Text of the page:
Now that we have most of the work taken care of, it’s time to decide how we want to further cure it. There’s a couple of options available and both offer a different flavor.
Traditional Halal Meat Curing
This is the most common way to cure pepperoni. Just take the links and hang them up at a temperature between 65-71 degrees Fahrenheit for 36 hours. Then place the cured meat in a cool container with space to hang at about 38 degrees Fahrenheit for twenty days or more.
After that, it’s ready to slice up and use at the deli.
Smoking Halal Pepperoni
If you have a decent smoker, it makes sense that you want to use it. Fill that bad boy with hardwood chunks, charcoal, and wood chips. Hang the sausage link in the smoking pit. Give it about five hours or until the internal temperature is over 170 degrees.
This method is quicker and leads to meat ready to cook now but has a more sausage-like consistency than traditionally cured pepperoni. The key to the pepperoni lies in aged curing. You might consider combining a longer aging period before smoking.
How to Make It Halal
If you want to make your pepperoni halal, only use beef that you have obtained from a source that provides halal meats. You can take the harder route of finding a direct meat source like a Muslim butchery that performs the halal pepperoni process but halal markets can be found in most cities and often ship products as well. It doesn’t have to be a hassle if you take a little time to research the grocers in your neighborhood.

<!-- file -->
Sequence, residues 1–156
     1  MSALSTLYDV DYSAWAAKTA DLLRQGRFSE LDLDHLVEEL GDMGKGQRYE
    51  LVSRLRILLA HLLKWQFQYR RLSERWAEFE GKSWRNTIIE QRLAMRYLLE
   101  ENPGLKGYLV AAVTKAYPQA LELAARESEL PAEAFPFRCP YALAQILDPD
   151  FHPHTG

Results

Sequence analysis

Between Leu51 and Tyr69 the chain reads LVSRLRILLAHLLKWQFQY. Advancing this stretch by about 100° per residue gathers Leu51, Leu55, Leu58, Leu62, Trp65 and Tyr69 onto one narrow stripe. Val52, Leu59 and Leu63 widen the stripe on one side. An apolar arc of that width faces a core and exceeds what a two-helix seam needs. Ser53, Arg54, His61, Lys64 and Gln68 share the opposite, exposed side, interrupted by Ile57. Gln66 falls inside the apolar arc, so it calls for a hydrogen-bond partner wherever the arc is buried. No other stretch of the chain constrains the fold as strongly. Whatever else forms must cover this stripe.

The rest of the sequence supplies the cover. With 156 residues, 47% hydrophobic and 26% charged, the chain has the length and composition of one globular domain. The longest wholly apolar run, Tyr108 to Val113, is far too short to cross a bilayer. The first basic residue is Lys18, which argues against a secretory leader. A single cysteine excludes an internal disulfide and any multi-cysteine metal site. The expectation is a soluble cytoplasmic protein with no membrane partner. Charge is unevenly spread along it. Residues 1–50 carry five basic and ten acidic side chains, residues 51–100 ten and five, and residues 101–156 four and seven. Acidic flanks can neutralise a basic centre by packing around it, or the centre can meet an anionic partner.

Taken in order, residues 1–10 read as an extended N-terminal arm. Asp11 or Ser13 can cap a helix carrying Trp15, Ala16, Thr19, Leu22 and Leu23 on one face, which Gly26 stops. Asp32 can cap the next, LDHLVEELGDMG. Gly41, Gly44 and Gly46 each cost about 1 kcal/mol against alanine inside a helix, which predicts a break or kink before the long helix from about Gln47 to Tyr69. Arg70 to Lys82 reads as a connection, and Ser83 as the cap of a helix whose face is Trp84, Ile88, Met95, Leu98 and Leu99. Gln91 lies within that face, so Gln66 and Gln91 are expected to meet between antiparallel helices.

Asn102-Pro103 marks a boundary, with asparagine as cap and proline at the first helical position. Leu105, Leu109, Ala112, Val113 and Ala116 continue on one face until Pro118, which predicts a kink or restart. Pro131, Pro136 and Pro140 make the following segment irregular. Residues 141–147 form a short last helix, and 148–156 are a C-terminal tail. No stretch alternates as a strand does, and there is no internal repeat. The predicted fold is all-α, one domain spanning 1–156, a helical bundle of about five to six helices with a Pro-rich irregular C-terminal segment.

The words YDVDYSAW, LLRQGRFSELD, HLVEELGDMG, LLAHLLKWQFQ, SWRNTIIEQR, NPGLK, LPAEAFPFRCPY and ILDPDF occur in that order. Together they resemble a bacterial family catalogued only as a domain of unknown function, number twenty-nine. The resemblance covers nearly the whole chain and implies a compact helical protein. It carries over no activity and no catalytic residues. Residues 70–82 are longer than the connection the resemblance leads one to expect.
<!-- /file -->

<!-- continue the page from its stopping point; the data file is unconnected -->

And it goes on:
Ways to Use Your Pepperoni In
There are a lot of creative recipes to use your pepperoni in besides pizza and calzones. I like to eat pepperoni slices as a snack. Its taste also lends itself to a lot of delicious dishes. I don’t have the space to list all of them, so I’ll leave you with one of my favorites.
Halal Pepperoni Penne
- ¾ pound sliced halal pepperoni
- 2 tablespoons minced shallots
- 4 medium tomatoes, chopped
- 1 clove minced garlic
- ¼ cup chopped fresh parsley
- 1 cup heavy whipping cream
- 16 ounces penne pasta
- 2 tablespoons grated Parmesan cheese
- Boil penne according to package directions.
- In a large skillet, saute the pepperoni until crisp.
- Drain all but a tablespoon of the grease.
- Add shallot and garlic. Saute until translucent
- Stir in diced tomatoes and simmer for 3 minutes.
- Stir in the cream. Cook 8 minutes or until the cream is reduced.
- Add parsley and remove the skillet from the heat.
- Add drained pasta and toss.
- Garnish with parmesan